Recognition: who wants it? Some thoughts about the NGA Governance Awards and sharing good practice

You probably recognise this phrase:

“To date, governors have not received the recognition, support or attention that they deserve. We will put that right.”

It comes from the 2010 White Paper: The Importance of Teaching. I remember reading it with interest and wondering how this was going to be done. And I have to say that, while we seem to be receiving plenty of attention, I think the ‘recognition’ bit has proved a bit harder.

That’s one of the reasons I was so pleased to have the privilege of an invitation to the House of Commons recently to observe the presentations of the National Governors’ Association awards for Outstanding Clerk and Outstanding Governing Body.

And it was good to see Neil Carmichael MP (@neil_mp), the chair of the All-Party Parliamentary Group for Governance, and Lord Nash, Parliamentary Under Secretary of State for Schools, supporting the event.

Lord Nash’s speech hasn’t been published, but Sean Whetstone (@schoolgoverning) recorded it and uploaded it to you tube if you’re interested. I think it’s well worth a watch.

I want to share and comment on a few selected highlights because I think Lord Nash will be very influential in the direction of travel around governance and it’s good to be prepared.

He opened by saying “Governance is one of my top priorities … All schools make two vital decisions. Who is the head and who sits on the governing body … Governors can effect significant change … Although governance is a voluntary role that does not mean it’s an amateur one. It’s a highly professional, highly responsible job, performing an absolutely critical role …Where schools are not good, governance is often an area that requires improvement .” It’s hard to disagree with any of that, and I’m delighted to hear some of these things being recognised.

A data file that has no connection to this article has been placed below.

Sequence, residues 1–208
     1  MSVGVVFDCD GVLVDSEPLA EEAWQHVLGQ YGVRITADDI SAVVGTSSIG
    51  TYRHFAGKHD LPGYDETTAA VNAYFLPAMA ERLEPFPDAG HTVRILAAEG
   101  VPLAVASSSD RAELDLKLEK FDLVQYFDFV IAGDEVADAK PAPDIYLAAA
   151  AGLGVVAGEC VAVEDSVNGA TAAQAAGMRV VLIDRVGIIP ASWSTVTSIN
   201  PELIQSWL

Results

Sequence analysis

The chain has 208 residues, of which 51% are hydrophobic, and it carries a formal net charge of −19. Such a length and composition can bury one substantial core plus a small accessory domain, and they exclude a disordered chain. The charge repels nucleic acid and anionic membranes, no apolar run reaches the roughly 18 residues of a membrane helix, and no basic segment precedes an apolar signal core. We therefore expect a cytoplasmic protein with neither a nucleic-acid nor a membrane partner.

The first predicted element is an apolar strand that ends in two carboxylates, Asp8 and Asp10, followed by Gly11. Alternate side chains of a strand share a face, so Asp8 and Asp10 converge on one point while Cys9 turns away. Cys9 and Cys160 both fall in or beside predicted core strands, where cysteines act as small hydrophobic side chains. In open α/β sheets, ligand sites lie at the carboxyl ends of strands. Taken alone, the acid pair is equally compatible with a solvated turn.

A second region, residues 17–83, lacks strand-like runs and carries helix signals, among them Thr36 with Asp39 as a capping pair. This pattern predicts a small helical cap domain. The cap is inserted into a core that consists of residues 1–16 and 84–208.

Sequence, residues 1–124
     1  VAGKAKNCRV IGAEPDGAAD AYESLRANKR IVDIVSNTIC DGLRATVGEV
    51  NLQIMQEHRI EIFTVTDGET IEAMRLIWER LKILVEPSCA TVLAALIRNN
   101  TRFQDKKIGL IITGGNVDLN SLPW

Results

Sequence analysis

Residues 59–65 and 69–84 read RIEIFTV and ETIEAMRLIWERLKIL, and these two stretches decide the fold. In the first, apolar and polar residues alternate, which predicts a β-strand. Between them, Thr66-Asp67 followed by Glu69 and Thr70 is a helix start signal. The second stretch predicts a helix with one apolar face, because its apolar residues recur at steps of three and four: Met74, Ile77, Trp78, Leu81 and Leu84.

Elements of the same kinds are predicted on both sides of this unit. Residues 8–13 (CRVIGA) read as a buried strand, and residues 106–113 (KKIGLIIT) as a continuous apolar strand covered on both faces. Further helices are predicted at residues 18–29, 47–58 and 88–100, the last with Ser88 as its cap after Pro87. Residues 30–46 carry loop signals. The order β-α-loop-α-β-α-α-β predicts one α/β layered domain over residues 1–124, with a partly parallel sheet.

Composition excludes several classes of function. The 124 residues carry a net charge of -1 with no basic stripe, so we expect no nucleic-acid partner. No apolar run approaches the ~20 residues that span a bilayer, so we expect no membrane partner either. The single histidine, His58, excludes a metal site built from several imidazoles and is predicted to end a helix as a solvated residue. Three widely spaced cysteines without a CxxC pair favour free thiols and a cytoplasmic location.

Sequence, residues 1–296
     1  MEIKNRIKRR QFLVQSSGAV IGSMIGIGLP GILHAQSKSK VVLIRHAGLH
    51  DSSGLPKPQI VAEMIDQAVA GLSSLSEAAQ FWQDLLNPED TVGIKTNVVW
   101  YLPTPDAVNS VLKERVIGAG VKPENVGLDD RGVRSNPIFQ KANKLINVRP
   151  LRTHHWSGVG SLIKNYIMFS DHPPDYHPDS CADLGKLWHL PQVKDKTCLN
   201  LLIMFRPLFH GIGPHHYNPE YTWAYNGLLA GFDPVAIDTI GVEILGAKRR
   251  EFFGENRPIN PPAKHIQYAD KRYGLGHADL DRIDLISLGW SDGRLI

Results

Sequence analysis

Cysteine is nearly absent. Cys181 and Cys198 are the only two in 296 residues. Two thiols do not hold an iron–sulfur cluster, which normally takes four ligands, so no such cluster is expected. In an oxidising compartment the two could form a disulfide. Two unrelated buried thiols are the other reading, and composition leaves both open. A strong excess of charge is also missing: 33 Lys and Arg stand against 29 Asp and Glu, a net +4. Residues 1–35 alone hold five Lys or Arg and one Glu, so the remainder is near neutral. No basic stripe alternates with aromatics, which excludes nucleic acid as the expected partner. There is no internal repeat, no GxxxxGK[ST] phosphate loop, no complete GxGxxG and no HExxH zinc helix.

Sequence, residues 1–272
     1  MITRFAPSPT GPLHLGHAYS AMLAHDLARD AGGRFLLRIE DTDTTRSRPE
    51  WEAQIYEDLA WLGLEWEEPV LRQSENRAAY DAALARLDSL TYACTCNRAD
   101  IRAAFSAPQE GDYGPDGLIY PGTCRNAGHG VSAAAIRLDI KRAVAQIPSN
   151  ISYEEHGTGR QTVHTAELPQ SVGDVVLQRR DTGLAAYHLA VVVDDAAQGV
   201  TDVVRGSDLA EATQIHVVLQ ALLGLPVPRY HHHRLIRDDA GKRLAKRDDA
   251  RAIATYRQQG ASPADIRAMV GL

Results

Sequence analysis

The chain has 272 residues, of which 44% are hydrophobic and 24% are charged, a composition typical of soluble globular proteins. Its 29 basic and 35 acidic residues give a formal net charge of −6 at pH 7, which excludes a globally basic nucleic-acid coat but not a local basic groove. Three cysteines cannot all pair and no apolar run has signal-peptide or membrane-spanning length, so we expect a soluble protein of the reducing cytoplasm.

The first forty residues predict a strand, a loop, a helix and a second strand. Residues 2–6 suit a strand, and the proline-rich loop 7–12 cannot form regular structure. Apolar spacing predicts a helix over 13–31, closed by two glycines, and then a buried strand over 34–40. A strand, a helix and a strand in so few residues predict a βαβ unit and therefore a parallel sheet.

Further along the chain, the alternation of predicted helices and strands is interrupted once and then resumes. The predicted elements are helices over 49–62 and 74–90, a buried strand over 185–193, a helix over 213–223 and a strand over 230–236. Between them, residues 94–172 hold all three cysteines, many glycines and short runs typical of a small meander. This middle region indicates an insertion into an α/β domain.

Lord Nash also commented on two areas that were more controversial. One was governing body size and the other was governors in the classroom. Lord Nash believes that large governing bodies can be off-putting to potential governors and may not be the best environment for dealing with problems when they occur. The governing body he serves on at Pimlico Academy has seven members and he pointed out that in business this would still be considered a fairly large board.

He also said, and I will quote this verbatim, “The other thing I’d like to see governors do more is get into classrooms, because it does seem to me that we spend far too much time in our school system talking about the structure of schools, the ‘how’ and not enough on the ‘what’, ie what is actually being taught in classrooms, and the only way that governors can engage with that, and can see perhaps how schools need to up their game in terms of their curriculum offer at primary and key stage 3, which I think they’re going to have to do in order to engage with the tougher exams which are undoubtedly coming, is to get out there and see for themselves what is being taught.”

Now I have no strong view about governing body size. I’ve seen and worked with many governing bodies over the years and their size has never seemed to me to be the determining factor in their effectiveness. Professor Chris James of Bath University assured me recently that there is no evidence coming from research to suggest that size is particularly important in this.